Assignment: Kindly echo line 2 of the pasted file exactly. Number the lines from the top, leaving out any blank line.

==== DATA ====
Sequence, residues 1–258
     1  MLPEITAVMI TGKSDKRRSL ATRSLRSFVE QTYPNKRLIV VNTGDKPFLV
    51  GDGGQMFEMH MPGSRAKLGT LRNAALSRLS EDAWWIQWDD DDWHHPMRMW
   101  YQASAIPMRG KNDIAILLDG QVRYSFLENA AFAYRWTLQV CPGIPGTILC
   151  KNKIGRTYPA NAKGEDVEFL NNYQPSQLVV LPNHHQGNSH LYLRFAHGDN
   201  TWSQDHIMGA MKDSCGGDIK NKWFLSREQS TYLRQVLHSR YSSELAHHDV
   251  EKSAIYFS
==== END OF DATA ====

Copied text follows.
     1  MLPEITAVMI TGKSDKRRSL ATRSLRSFVE QTYPNKRLIV VNTGDKPFLV